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Paying Respect to Elders Past and Present

We at Australasian Palaeontologists acknowledge Aboriginal and Torres Strait Islander Peoples as the traditional owners and custodians of Country. Australasian Palaeontologists acknowledges the relationship of First Nations people with the land, sea, and sky which comprise the focus of our work. 


Australasian Palaeontologists is committed to the inclusion of Aboriginal and Torres Strait Islander People within our Earth Science community. Below are some resources to assist our non-Indigenous members to engage in respectful discourse, study, and research.


Turning Acknowledgement into Action


There are many reasons to seek to create a meaningful relationship and partnership with the First Nations People. Probably the most important is to decrease the legacy of exclusion that First Nations People have faced, and continue to face, when making decisions about their land and sea. Creating participatory partnerships allows both the researcher and the First Nations community  to engage in a process that is equitable and can lead to a sustainable relationship.

When research is being conducted on First Nations Peoples land, there may be cultural lore that researchers are unaware of. Thus, it is possible that your research could be violating these cultural lore unintentionally. When the violation of these cultural lore occurs it can create tension with the First Nations community and could hamper research. Elders of the Country on which you are working on, can tell you where you can and cannot work in accordance with their traditions.


1. Two way knowledge sharing: when you share your research knowledge and help build capacity in a First Nations community, they may be able to provide vital cultural or traditional ecological knowledge in return. Thus helping to combine traditional knowledge and western science.

2. Empowerment: when you meaningfully include First Nations People in the research process you are increasing their agency to make decisions for themselves and for the land that they are connected to.

3. Implementing research recommendations: First Nations People are in the best position to advise on the care for Country.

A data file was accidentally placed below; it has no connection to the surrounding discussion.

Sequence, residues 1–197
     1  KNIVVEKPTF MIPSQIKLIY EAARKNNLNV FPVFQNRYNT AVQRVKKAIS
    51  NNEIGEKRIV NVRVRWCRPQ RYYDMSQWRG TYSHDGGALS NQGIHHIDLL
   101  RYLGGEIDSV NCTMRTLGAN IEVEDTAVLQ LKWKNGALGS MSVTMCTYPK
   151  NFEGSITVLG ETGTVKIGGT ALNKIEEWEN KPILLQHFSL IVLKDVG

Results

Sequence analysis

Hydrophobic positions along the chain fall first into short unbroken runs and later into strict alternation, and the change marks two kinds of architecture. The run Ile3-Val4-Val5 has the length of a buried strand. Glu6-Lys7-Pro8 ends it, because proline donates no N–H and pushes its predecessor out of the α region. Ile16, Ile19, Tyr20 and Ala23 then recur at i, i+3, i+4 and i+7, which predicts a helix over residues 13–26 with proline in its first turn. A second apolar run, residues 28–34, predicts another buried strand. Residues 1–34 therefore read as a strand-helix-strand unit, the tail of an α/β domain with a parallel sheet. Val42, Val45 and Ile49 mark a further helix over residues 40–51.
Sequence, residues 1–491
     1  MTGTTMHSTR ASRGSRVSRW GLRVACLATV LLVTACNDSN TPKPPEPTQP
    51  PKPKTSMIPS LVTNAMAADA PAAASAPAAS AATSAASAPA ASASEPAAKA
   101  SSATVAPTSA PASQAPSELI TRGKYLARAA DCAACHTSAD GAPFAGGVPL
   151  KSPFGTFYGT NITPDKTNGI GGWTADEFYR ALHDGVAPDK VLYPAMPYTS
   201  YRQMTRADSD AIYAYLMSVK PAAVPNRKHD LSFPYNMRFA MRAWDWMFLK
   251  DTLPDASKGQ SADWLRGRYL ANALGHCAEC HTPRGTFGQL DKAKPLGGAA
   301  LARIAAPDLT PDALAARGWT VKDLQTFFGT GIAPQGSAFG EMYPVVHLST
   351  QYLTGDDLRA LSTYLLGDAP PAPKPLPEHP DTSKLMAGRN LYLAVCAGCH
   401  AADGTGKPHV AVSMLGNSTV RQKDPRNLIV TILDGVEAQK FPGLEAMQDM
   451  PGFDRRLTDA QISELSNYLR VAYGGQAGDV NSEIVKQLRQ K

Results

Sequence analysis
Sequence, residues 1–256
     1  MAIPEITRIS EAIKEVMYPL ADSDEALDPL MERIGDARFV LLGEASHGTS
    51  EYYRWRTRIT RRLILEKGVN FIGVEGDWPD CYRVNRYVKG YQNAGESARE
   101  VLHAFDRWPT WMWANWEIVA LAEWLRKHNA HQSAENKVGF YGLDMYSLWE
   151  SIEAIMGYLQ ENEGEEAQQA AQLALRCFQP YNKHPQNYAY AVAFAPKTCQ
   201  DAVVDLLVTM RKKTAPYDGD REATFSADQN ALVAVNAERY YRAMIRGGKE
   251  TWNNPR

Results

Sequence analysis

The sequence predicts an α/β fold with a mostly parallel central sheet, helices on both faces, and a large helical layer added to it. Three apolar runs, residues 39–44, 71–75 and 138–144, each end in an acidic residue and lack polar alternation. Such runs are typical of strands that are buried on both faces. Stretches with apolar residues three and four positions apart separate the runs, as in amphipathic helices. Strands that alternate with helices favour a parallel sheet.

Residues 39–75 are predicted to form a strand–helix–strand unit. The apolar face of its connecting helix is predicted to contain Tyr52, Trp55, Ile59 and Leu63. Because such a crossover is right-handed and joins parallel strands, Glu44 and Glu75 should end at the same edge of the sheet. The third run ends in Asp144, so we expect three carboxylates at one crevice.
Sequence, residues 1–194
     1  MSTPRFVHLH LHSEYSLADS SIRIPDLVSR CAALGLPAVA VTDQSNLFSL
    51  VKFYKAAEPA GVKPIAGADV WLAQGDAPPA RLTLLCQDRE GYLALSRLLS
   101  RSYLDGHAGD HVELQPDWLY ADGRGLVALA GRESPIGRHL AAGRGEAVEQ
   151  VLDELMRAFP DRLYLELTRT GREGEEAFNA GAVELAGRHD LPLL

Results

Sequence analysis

To start the process of engaging First Nations communities:

  1. Contact the Aboriginal Land Council of the Country you would like to conduct research on. The Local Land Council should be able to put you in touch with the Traditional Owner of that area.

  2. Reach out to the Traditional Owners of the area and organise a meeting.

  3. When arranging the meeting, be upfront about the goal of the meeting. Be open in the meeting and listen to the contributions that the Elders and Traditional Owners share with you.

  4. Try to employ First Nations People in your research work: i.e. Citizen Science programs. First Nations People who contribute essential knowledge and skill should be financially compensated.

  5. If any type of cultural knowledge is collected as a part of the study, make sure that the First Nations People have control of the cultural knowledge and how it is used.

  6. Acknowledge the contribution First Nations communities make to the research project.

  7. Send a report back to the traditional custodians that you have worked with on the research, and deliver an oral or digitised report back to the community so that new knowledge are shared and disseminated.


Here are a few resources to help you learn about First Nations People and their culture.

Common Ground:

A website working towards a society that celebrates and embraces First Nations people. It shares First Nations cultures, lived experiences, and histories.

Welcome to Country App:

This app has curated Welcome to Country videos from Traditional Owners. It has GPS capability to identify the First Nations country you are in. It will display the information of the local First Nation culture.

Australian Institute for Aboriginal and Torres Strait Islander Studies:

This is a map for displaying the Clan boundaries of First Nations Peoples. It can be handy to identify whose Country you are on.

The AIATIS website also has informative documents about research protocols of how to appropriately engage First Nations Peoples:

This section was written by Kataya Barrett and Elizabeth Dowding. Kataya Barrett is a Gumbaynggirr and Bundjalung woman from the North Coast of NSW working on marine sciences.

If you have any suggestions or additional resources, please contact us.

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